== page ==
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Marathon Effort Helps Kids Attend Camp

U.S. Missionary Isaac Olivarez found God using something he once despised to bless kids and minister the gospel message to the broken.

Assemblies of God U.S. Missionary Isaac Olivarez, 37, is the director and founder of Urban Outreach Denver. However, he harbored a hatred — to this day, he vividly remembers his intense, passionate distaste for running. But God took something Olivarez “never ever” desired for himself (running), and made it an answer to prayer.

“I hated running, absolutely hated running,” Olivarez states emphatically, who serves as a Missionary Church Planter and Developer in Denver with his wife, Jaime, and their three children. “But one of our team members at Urban Outreach Denver was a runner and kept inviting me.”

Finally, about four years ago, Olivarez gave in and took a test run. “I couldn’t even run a quarter mile . . . it was awful,” he says. “But I had the sudden realization of how out of shape I was, so even though I hated it, I started running simply to become active again.”

What began as an effort to regain some form of fitness resulted in Olivarez shedding 55 pounds and taking part in area 5K races and “Tough Mudder” obstacle-race events. But even though his hatred for running dissolved, running a marathon wasn’t something on his bucket list.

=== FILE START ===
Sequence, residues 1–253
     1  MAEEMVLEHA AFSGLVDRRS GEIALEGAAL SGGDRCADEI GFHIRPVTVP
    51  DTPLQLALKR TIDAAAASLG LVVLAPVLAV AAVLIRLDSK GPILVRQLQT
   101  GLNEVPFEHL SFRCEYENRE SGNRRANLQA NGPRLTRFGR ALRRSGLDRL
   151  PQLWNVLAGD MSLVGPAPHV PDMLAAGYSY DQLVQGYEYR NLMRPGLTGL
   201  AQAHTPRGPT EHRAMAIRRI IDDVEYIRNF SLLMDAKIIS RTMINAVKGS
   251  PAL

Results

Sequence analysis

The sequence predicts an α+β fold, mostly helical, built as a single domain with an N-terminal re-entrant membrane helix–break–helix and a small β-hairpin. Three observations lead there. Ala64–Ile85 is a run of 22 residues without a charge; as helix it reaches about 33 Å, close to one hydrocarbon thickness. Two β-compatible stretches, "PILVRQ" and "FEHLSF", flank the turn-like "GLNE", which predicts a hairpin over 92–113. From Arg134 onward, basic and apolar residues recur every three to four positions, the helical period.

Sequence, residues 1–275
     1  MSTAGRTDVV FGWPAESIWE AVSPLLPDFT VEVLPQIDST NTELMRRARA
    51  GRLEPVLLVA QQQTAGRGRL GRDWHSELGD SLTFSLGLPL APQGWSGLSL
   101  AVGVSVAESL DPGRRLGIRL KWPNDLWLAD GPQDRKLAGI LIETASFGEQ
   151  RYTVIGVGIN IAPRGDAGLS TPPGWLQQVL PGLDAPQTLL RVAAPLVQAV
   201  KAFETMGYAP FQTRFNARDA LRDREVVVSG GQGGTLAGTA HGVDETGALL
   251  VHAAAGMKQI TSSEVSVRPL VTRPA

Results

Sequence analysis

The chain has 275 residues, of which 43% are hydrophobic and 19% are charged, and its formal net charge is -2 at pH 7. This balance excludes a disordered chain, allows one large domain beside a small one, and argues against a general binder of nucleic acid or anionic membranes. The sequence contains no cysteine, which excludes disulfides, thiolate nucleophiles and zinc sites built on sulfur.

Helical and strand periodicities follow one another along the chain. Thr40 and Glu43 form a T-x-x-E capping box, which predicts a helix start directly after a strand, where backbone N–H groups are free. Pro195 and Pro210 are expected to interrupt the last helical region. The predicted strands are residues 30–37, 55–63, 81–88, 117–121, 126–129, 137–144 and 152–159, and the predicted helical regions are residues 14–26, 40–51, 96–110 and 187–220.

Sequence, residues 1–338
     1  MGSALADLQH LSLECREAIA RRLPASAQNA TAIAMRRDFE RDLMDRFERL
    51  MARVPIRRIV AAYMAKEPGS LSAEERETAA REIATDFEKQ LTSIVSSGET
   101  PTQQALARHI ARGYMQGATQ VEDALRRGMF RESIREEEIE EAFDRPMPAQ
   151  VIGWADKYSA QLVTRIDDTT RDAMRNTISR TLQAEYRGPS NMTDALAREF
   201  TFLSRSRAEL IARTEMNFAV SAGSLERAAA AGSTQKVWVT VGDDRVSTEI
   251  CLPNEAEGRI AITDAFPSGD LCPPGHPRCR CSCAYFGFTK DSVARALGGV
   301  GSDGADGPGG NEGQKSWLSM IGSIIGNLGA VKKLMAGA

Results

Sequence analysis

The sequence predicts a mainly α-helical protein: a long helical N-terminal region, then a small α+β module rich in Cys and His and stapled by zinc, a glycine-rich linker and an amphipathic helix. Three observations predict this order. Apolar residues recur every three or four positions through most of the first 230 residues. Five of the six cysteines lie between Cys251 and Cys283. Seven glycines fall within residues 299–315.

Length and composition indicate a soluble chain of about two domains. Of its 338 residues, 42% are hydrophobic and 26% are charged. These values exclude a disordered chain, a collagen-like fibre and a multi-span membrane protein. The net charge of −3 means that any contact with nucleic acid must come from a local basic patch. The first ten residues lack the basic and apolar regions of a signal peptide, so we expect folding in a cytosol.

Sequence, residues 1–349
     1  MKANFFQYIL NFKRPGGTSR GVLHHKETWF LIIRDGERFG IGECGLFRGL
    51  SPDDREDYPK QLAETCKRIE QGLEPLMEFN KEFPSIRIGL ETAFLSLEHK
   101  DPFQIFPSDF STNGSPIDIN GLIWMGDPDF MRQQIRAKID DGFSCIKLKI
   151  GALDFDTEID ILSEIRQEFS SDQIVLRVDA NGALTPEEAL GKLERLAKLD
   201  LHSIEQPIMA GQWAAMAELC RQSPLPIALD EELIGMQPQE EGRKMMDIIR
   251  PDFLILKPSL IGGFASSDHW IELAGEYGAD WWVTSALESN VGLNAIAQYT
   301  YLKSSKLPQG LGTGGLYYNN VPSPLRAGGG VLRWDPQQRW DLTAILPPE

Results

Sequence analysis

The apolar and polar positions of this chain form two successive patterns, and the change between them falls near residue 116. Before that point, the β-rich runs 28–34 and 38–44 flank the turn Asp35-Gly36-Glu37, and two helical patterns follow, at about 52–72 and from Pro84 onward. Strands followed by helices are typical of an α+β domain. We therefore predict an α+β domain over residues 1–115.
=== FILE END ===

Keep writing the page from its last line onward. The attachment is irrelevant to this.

That is, until God revealed a way to use running to raise awareness about Urban Outreach Denver (UOD) and help kids at the same time . . . perhaps something He had in mind all along!

“Urban Outreach Denver is an inner-city church that is full of drug addicts, the homeless, prostitutes, and hurting and broken people,” Olivarez says. “We run a Thursday night dinner church — community dinners — to feed and minister to a neighborhood called Five Points.”  

Darlene Robison, senior director of Missionary Church Planters and Developers, says the dinners not only bring the neighborhood together as a community, forging relationships as they share a meal together, there’s also a spiritual aspect. “It is clear that this is a spiritual community as well,” she says. “They eagerly worship, pray, and engage Scripture in a way that encourages each person to take the next step in obedience to Christ.”

Olivarez says that he was praying about ways to raise awareness about UOD as well as raise funds to help inner-city and poverty-stricken kids be able to attend the church’s annual summer camp.

The summer camp, Olivarez explains, is far more extensive than a typical VBS program. It runs four weeks and provides kids with breakfast and lunch. “About 95 percent of the kids who attend are African-American kids from the neighborhood,” Olivarez says. “The meals we serve are healthy and replace the meals they may now be missing because they’re out of school for the summer.”

The camp is filled with activities for the kids, including excursions out of the city for horseback riding and other activities. Olivarez says some of the kids have never been outside of the greater city limits. The camp also builds kids’ character and provides a regular and clear presentation of the gospel message. At the end of the camp, which runs June 27-July 22, each child is presented with a backpack filled with school supplies and a kids Bible.

Of course, all of this takes money.